Skip to main content

Boyes Turner Logo

Jazmin Perry

This is Part 2 of The Lease Extension Guide, which will be useful for both long leaseholders looking to extend their leases, and landlords of residential property subject to such long leases. Part 2 will consider who qualifies for a lease extension, and how qualifying leaseholders can go about agreeing an extension with the landlord, and what the terms of the new lease might be.

To recap, Part 1 considered why a long leaseholder should consider extending their lease. 

A leaseholder who has less than 90 years left to run on their lease should consider applying for a lease extension.  Failure to do so could make the lease more difficult to sell or mortgage, and as the remaining term reduces, the premium payable for an extension will increase.

bigstock Happy Female Homeowner Holding 460403947 (1)

Who qualifies for a lease extension?

In order to be eligible for a lease extension, the leaseholder must have been the registered owner of the leasehold property at the Land Registry for at least 2 years, although the leaseholder does not need to have actually lived in the property for that period. If the property was part of a shared ownership scheme, the leaseholder must own 100% of it to qualify. Finally, the lease must have been for more than 21 years when it was originally entered into.

Assuming that the leaseholder satisfies the criteria, it is likely that they will qualify for a statutory lease extension.  However, there can be circumstances where even though you may be a qualifying leaseholder, there may be another restriction that could prevent you from extending your lease.


How does a leaseholder go about getting a lease extension?

A leaseholder might seek to extend their lease on a voluntary basis with their landlord (an informal lease extension).  This will only be a consideration if the landlord is a willing landlord and so the leaseholder will need to consider their experience with the landlord and its attitude towards lease extensions.  Usually, leaseholders prefer an informal route as it appears to be quicker and cheaper for them, but in such a case the landlord does have more freedom with what lease terms to propose / the premium.  The leaseholder will need to think carefully as to whether they are being offered a good deal and expert surveyors advice should be taken.

The alternative way for a leaseholder to get a lease extension is via the statutory route (a statutory lease extension) by serving a notice, this can take longer than the informal route.

The landlord is less protected on their legal costs with the informal lease extension route – the leaseholder could pull out at any time and unless the landlord has obtained some costs payment up front in the form of a deposit, they are likely to end up out of pocket.  This isn’t the case on a statutory extension as the service of the notice makes the leaseholder automatically liable for the landlord’s reasonable costs.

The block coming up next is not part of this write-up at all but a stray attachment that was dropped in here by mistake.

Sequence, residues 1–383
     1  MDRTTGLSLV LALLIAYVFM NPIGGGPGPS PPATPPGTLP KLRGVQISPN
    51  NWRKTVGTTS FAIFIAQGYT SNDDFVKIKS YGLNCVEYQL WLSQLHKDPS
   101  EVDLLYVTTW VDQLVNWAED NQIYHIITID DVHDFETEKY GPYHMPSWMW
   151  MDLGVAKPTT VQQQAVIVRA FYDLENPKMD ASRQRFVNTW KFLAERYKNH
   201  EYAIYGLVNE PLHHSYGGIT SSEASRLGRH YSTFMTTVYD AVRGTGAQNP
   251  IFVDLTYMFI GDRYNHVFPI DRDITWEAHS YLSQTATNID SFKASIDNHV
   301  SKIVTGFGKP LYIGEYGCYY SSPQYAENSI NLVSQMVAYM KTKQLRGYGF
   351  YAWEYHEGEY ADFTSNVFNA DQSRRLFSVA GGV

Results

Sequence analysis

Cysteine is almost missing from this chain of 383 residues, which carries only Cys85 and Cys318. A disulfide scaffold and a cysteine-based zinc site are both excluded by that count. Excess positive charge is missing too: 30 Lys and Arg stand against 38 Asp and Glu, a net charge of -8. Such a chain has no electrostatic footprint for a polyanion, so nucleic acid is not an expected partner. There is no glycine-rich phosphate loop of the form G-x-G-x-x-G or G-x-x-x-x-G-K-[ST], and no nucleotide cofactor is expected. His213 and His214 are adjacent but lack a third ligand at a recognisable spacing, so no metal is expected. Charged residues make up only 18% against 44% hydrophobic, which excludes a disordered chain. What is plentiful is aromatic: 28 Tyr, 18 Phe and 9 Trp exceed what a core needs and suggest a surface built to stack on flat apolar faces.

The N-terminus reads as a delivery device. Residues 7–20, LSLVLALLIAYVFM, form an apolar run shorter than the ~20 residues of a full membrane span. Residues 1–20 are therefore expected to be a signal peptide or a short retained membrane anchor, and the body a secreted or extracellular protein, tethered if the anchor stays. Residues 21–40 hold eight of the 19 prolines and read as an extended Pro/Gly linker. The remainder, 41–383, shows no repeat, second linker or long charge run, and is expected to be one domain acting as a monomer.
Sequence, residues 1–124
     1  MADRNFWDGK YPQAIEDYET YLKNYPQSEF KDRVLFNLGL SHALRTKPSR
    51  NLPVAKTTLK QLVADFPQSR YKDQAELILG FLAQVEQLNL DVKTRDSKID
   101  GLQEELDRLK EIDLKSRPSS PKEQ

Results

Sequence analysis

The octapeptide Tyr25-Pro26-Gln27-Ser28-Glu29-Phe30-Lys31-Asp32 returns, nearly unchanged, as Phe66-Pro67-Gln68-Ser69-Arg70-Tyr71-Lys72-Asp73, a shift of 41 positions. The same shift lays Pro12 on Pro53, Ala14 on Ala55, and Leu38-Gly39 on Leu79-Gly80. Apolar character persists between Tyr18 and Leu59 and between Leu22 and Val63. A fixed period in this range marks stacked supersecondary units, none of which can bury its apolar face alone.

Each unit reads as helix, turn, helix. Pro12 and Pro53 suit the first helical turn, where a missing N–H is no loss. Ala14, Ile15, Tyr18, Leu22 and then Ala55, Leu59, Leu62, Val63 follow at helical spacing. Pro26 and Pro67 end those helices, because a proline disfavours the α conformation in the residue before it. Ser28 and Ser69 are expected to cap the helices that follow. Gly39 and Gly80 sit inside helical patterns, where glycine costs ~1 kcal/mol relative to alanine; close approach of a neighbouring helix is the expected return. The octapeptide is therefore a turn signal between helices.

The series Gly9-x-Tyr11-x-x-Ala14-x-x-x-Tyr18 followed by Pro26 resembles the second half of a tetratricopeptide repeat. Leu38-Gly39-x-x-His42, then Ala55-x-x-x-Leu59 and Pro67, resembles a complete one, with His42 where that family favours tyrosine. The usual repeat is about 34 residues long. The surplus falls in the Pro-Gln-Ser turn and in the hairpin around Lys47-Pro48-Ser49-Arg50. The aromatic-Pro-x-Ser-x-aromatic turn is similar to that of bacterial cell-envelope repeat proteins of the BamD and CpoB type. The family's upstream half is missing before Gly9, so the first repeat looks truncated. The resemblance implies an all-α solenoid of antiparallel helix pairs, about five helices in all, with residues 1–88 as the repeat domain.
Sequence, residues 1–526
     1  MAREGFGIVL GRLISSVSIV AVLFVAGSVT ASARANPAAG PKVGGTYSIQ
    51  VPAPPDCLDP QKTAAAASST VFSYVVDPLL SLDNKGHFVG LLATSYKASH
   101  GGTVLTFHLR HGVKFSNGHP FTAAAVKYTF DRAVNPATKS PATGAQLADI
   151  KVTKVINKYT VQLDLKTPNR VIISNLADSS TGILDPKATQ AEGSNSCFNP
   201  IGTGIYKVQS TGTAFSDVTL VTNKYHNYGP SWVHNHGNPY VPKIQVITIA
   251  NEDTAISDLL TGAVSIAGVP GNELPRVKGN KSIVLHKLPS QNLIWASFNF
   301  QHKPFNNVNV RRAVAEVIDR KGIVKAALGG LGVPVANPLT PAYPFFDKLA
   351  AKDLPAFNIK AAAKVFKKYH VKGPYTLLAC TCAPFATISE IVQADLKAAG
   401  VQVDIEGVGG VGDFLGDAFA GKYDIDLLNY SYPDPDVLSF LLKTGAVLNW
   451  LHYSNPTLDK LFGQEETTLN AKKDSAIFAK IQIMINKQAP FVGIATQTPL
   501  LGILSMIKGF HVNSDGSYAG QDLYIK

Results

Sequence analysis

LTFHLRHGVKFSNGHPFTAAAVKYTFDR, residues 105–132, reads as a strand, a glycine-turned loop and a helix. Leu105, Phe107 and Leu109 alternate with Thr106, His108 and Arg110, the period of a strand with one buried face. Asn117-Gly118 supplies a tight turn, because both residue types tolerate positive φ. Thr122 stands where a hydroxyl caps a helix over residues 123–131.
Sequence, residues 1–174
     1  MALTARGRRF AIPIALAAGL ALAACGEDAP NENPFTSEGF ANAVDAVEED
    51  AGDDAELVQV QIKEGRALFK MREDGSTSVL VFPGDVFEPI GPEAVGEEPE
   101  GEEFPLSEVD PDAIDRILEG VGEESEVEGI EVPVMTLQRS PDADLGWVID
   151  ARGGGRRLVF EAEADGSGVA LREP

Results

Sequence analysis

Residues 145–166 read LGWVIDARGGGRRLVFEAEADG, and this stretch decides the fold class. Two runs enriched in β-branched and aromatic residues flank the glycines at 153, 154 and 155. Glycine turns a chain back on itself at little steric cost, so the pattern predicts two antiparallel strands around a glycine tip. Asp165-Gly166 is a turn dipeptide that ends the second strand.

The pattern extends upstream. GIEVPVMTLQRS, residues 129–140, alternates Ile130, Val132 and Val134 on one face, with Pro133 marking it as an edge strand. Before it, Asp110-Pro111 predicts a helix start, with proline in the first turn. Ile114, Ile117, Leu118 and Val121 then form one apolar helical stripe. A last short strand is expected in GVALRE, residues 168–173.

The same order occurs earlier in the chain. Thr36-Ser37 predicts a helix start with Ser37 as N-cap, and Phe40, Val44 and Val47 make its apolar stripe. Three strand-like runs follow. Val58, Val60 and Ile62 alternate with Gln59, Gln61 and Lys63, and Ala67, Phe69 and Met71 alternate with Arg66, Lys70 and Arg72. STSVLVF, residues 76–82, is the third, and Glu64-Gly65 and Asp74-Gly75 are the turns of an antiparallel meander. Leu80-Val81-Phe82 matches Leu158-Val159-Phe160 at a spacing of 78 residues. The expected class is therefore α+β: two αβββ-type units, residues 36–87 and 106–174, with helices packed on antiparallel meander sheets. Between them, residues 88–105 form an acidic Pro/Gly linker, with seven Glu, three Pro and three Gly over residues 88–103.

What will the terms of the new lease be?

Assuming the leaseholder qualifies for a statutory lease extension then this entitles them to a lease on the following terms:

  •  A new lease with a term of 90 years in addition to the unexpired term of years on your existing lease (i.e. if you have 81 years left on your lease then the new lease will be for 171 years).
  •  A peppercorn (i.e. nil) ground rent. The Leasehold Reform (Ground Rent) Act 2022 (‘the Act’) has now put to an end ground rents for most new long residential leasehold properties in England and Wales.
  •  All other terms of the new lease are to be identical to the existing lease save only for necessary modernisation.

The premium will be negotiated by the parties’ respective surveyors and it must be a fair market price.

Part 3 of The Lease Extension Guide will consider in more detail how a leaseholder can commence the statutory lease extension process and the consequences of serving the Initial Notice, and Part 4 will look at what happens after that.


What to do if you require legal assistance

We are experts in this area and we have an experienced Residential Property team and Property Disputes team who can assist leaseholders and landlords with lease extension and lease enfranchisement matters.


Consistent with our policy when giving comment and advice on a non-specific basis, we cannot assume legal responsibility for the accuracy of any particular statement. In the case of specific problems we recommend that professional advice be sought.



Get in touch

If you have any questions relating to this article or have any legal disputes you would like to discuss, please contact the Dispute Resolution team on

[email protected]
shutterstock 531975229 (1)

Stay ahead with the latest from Boyes Turner

Sign up to receive the latest news on areas of interest to you. We can tailor the information we send to you.

Sign up to our newsletter
shutterstock 531975229 (1)